Major Depressive Disorder Linked to Brain Aging

The functional MRI is a promising aging clock.


An MRI of the human brainAn MRI of the human brain

Recent data published in Neuropsychopharmacology has looked at changes in brain connectivity across lifespan and in patients with major depressive disorder.

Biological and chronological age

Your chronological age is simply the amount of time that has passed since you were born, but your biological age represents how your body has physically aged over that time. Some conditions and practices, such as obesity and smoking, can accelerate many of the aging processes, while longevity interventions attempt to slow, halt, or even reverse these processes, thus making your chronological age different from your biological age. Some researchers have attempted to predict chronological age using various biological markers, while others have tried to quantify biological age as a measure of overall health.

Modeling brain aging with fMRI

Recent research at Weill Cornell Medical in New York City has taken both of these approaches in a brain MRI study of 710 healthy individuals from 18-89 years of age [1]. The researchers used resting state functional MRI to study the connectivity of different brain regions, finding decreased connectivity in older age, particularly in the executive/attention control, default mode, and sensorimotor networks of the brain. They then created a model from the fMRI connectivity data to predict age using a support vector regression machine learning technique. The model was somewhat robust, with a correlation coefficient of 0.7 (a measure that can range from -1 to 1, with both extremes indicating a perfect correlation). However, the variability between predicted and actual age was wide, with a standard deviation of about 13 years.

Depressed patients show signs of accelerated brain aging


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The researchers applied their model to 109 patients being treated for major depressive disorder (MDD). MDD is associated with accelerated aging both on a behavioral and cellular/molecular level, but it has not been previously looked at in a resting state functional connectivity study such as this one. The model, which was trained on healthy individuals, predicted patients with MDD to be 2.1 years older than their actual ages. This difference was mild but considerably significant from a statistical standpoint.

The researchers also looked specifically at the difference between predicted and chronological age, considering individuals with higher predicted ages, according to their model, to have undergone accelerated brain aging. This variable was related to depressive symptom severity and financial impulsivity in men; however, this did not apply to women, nor was it related to several other cognitive variables. Furthermore, the data used in this study came from a clinical trial on repetitive transcranial magnetic stimulation (rTMS). Because advanced age is related to treatment non-responsiveness across medical disciplines, including psychiatry, the researchers hypothesized that accelerated brain aging may also predict treatment non-responsiveness to rTMS. However, no association was found.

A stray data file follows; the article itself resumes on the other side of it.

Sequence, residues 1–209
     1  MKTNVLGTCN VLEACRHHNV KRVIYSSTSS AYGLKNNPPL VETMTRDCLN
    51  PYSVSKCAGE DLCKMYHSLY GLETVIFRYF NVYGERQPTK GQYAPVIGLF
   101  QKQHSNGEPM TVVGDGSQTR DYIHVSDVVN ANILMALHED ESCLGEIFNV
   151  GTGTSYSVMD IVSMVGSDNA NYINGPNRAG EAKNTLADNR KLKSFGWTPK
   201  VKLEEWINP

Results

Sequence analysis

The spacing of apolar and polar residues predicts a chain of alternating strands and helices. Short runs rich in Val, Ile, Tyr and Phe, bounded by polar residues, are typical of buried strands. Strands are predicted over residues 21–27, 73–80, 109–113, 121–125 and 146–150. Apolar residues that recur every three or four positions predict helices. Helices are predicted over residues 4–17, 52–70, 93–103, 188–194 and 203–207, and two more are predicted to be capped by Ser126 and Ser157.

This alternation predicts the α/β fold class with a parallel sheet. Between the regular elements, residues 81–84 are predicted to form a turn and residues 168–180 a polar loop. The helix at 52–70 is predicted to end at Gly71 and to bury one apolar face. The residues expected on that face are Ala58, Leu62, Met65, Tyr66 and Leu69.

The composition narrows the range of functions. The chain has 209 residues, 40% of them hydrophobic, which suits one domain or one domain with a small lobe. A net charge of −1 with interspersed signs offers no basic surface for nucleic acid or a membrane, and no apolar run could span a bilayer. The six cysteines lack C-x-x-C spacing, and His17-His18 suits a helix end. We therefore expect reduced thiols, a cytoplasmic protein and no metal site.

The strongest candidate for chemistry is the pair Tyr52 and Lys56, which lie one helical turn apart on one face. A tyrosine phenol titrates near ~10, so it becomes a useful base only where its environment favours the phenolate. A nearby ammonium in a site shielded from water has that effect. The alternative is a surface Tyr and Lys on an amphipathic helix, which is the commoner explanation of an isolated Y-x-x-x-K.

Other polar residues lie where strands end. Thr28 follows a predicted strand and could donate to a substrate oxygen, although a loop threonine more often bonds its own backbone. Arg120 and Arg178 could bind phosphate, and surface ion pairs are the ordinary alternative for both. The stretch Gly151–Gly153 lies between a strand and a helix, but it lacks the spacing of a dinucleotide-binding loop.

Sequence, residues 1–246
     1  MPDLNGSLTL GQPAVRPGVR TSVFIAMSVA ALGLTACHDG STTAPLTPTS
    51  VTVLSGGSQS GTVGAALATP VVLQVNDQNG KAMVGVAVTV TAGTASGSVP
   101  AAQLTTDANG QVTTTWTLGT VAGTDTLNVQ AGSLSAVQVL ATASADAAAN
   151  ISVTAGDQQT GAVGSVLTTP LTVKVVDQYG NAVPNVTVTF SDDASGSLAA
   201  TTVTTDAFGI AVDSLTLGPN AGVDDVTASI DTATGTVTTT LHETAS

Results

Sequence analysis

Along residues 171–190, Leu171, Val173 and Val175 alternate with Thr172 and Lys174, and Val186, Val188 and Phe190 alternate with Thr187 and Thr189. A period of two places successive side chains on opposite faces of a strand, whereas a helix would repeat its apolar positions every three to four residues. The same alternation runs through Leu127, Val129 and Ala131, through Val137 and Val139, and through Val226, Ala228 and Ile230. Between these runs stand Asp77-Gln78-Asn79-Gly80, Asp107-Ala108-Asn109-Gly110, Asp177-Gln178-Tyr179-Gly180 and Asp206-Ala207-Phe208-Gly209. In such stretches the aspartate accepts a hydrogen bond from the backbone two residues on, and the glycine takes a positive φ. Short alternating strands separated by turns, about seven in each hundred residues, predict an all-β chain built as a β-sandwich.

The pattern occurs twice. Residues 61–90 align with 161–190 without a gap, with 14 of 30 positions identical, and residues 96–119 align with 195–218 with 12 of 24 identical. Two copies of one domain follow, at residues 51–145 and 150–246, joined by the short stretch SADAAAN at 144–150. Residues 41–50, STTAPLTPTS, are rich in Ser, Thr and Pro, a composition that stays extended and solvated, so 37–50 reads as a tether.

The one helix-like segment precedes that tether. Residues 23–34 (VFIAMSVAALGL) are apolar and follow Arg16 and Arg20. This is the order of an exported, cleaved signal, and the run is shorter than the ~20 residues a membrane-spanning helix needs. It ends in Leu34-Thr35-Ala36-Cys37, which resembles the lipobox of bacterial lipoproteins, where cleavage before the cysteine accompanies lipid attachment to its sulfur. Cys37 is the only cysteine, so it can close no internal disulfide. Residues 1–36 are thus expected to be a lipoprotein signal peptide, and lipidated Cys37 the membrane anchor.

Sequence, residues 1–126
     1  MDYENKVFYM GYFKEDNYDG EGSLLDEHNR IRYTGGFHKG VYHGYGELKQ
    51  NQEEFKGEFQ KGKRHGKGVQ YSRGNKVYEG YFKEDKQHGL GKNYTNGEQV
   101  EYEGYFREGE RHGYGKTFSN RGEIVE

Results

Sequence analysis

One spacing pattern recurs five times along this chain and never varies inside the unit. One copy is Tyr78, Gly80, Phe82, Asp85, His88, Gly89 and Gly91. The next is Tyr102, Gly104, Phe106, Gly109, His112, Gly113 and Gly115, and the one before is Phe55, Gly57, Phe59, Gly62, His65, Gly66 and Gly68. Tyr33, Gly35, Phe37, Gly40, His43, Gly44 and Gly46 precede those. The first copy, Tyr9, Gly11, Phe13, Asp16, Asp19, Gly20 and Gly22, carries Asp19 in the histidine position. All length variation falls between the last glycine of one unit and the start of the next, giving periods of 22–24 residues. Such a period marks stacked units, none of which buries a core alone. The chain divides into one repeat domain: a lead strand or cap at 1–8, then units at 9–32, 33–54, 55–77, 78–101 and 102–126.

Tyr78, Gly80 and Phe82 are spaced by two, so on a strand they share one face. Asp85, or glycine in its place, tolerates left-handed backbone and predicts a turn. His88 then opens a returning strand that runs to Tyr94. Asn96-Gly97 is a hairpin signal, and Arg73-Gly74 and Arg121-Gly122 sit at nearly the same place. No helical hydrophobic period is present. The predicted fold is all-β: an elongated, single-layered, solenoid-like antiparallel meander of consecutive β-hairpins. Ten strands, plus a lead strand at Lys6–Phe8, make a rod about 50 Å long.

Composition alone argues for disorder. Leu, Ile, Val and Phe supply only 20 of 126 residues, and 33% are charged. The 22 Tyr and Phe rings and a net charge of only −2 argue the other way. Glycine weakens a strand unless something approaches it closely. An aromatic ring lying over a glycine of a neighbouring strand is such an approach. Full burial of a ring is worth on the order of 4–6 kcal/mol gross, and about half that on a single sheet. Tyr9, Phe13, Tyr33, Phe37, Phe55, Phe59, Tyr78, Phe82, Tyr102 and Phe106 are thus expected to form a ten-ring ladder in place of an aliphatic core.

In conclusion, this study predicted brain age in HC and MDD patients using rsFC. Functional brain aging was accelerated in MDD patients compared to HC, and accelerated brain aging in MDD was associated with increased impulsivity. The study provides evidence for the notion that MDD is associated with accelerated brain aging, and that accelerated aging is associated with worsened impulsivity and depression severity. Establishing these biologically based relationships will be critical to more comprehensively understand the etiology and heterogeneity of MDD, with the hopes of identifying novel treatments to address the significant personal and economic burden of this disorder.


Biological clocks for brain tissue have been shown to be more predictive of neurodegeneration and mortality than chronological age. It is interesting to see data that identifies common manifestations between aging and a condition not typically thought of as age-related, such as depression. As we learn more about the biomarkers of aging, such as reduced resting state functional connectivity in the brain, we will be able to better study the mechanisms of aging and the impacts of aging interventions. Non-invasive measures, particularly fMRI, are valuable for their practical human use. It is also conceivable that a biological clock, such as a modified version of the one used in this study, can reduce the time required to conduct clinical trials. However, much is still unknown about this model and others like it. Further studies will be needed before such clocks can be used as surrogate endpoints for morbidity and mortality.

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[1] Dunlop, K., Victoria, L.W., Downar, J., Gunning, F.M., & Liston, C. (2021). Accelerated brain aging predicts impulsivity and symptom severity in depression. Neuropsychopharmacology, online ahead of print. https://doi.org/10.1038/s41386-021-00967-x

About the author

Greg Gillispie

Greg is a recent graduate from the Wake Forest Institute for Regenerative Medicine. He strongly believes that age-related diseases have common underlying mechanisms at play and that an ounce of prevention is worth a pound of cure. In addition to writing for LEAF, Greg continues to conduct laboratory research in stem cell regeneration and cellular senescence. He is also an avid runner, curious reader, proud dog owner, and a board game enthusiast.